As JD is trying to find a place for his mother, he receives a call from the law firm he’d been hoping to making an impression on that he has been invited for final interview for the internship. The problem is, the interview is scheduled for 10:00am the next day, while he is ten hours away in Ohio. Desperate for the job, he agrees to be there. He knows he can’t leave without finding a place for his mom. Bev being unable to stay with Lindsay and her family, JD gets her a motel room. As JD leaves to get her some food, he returns to his mother trying to get high in the restroom. This scene is hard to watch because the viewer can see how desperate Bev is to keep using as she reaches for the needle in the toilet after JD had thrown it away. She reacts furiously towards JD and then begins to apologize and sob. It’s an incredibly tragic scene.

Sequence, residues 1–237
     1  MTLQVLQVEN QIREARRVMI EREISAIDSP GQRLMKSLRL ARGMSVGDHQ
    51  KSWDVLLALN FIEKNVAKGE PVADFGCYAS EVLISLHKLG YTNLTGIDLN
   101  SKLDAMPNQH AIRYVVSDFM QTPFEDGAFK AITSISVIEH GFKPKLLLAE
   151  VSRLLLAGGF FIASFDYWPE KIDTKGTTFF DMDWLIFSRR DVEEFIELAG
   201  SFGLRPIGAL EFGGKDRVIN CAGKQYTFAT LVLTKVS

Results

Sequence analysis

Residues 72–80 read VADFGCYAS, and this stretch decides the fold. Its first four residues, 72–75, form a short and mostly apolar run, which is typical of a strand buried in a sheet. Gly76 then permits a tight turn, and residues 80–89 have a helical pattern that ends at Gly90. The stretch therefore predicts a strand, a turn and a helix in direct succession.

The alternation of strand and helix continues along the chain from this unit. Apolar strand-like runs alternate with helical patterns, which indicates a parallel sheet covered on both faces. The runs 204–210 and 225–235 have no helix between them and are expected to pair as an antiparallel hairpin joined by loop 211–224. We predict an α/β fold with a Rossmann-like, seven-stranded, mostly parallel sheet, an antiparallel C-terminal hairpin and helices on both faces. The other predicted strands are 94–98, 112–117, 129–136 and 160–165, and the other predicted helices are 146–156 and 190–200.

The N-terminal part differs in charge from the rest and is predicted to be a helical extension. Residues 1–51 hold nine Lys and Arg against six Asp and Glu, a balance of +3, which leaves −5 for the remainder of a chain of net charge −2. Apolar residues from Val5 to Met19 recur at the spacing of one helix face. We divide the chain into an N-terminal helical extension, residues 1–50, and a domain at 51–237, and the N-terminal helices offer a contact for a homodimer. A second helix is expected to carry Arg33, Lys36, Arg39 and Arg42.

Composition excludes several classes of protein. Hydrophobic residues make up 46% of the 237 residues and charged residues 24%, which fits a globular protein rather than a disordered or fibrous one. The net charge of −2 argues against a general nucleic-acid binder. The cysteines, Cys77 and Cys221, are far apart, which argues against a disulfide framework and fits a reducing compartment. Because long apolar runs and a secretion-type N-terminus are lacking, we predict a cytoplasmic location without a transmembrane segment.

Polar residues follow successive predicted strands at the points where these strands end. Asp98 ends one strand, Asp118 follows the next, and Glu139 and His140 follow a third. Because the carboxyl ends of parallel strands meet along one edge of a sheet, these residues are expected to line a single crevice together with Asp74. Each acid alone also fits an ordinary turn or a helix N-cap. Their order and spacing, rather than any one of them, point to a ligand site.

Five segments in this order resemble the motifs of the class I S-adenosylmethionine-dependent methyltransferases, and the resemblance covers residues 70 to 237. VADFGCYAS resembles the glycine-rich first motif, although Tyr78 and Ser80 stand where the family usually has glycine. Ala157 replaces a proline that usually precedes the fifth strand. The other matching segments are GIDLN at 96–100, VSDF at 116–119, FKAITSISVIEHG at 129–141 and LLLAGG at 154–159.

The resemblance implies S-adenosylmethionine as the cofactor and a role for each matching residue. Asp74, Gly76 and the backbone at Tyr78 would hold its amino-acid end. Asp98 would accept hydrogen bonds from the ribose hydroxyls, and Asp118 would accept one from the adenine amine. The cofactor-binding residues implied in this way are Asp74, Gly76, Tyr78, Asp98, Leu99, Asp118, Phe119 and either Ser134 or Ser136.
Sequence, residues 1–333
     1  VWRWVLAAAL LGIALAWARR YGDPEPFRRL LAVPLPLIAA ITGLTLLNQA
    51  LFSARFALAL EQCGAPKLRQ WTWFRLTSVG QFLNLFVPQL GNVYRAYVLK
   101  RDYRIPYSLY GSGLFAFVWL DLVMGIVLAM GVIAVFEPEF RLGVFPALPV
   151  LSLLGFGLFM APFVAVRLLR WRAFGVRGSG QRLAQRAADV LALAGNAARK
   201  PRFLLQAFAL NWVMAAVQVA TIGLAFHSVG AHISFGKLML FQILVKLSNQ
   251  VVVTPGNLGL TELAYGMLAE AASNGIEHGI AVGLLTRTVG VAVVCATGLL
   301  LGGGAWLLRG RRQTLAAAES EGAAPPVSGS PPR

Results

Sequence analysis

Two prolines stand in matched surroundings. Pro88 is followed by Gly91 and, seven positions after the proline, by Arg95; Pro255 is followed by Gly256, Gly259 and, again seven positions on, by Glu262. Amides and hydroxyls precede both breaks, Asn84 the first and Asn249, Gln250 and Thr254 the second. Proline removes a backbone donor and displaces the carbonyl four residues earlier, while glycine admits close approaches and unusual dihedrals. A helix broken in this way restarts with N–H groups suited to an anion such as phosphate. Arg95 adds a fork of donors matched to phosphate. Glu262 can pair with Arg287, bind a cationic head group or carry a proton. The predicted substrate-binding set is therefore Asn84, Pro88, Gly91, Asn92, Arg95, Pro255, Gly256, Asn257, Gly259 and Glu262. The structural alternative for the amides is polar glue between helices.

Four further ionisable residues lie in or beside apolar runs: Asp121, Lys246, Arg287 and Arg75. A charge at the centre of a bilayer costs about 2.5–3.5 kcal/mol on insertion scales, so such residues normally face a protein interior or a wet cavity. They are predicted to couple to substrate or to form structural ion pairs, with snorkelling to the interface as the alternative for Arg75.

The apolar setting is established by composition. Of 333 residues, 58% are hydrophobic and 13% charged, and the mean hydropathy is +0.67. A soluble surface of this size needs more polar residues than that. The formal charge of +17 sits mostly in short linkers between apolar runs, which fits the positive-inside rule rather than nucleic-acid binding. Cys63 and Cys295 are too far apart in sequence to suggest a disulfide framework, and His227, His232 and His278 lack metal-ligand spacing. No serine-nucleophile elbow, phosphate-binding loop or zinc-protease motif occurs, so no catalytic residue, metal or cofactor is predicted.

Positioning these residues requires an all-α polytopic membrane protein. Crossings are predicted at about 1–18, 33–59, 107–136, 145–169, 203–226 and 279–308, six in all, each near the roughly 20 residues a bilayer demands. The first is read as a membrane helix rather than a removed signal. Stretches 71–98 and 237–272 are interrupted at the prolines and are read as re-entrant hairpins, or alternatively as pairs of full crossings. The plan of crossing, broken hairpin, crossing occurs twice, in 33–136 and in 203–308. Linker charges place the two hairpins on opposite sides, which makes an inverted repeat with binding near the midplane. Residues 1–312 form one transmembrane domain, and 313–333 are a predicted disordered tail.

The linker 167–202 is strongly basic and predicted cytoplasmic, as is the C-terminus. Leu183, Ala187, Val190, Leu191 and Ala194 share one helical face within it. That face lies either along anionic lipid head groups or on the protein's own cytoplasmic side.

A brokenhearted JD watches his mother sob on the bed while he reflects on the many other times he’s seen her so sad. Knowing he can’t leave her in this condition, he is determined to make it back for his interview. In a telling line, he says to his mother, “I can’t stay, I’m not saving anyone here”. He understands that him being able to truly create a better life for himself can help stable his family. Lindsay arrives at the motel to care for her mother while JD races back to New Haven for chance at real way out. It’s easy for viewers to see this as a selfish act, but in JD’s final narration, he explains that his future is his family’s shared legacy.